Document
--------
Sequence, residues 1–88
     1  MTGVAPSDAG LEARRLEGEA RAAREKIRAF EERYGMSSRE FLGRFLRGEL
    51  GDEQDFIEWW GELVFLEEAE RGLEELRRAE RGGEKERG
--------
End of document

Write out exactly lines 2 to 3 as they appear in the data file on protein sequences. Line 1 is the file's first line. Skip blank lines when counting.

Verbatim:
     1  MTGVAPSDAG LEARRLEGEA RAAREKIRAF EERYGMSSRE FLGRFLRGEL
    51  GDEQDFIEWW GELVFLEEAE RGLEELRRAE RGGEKERG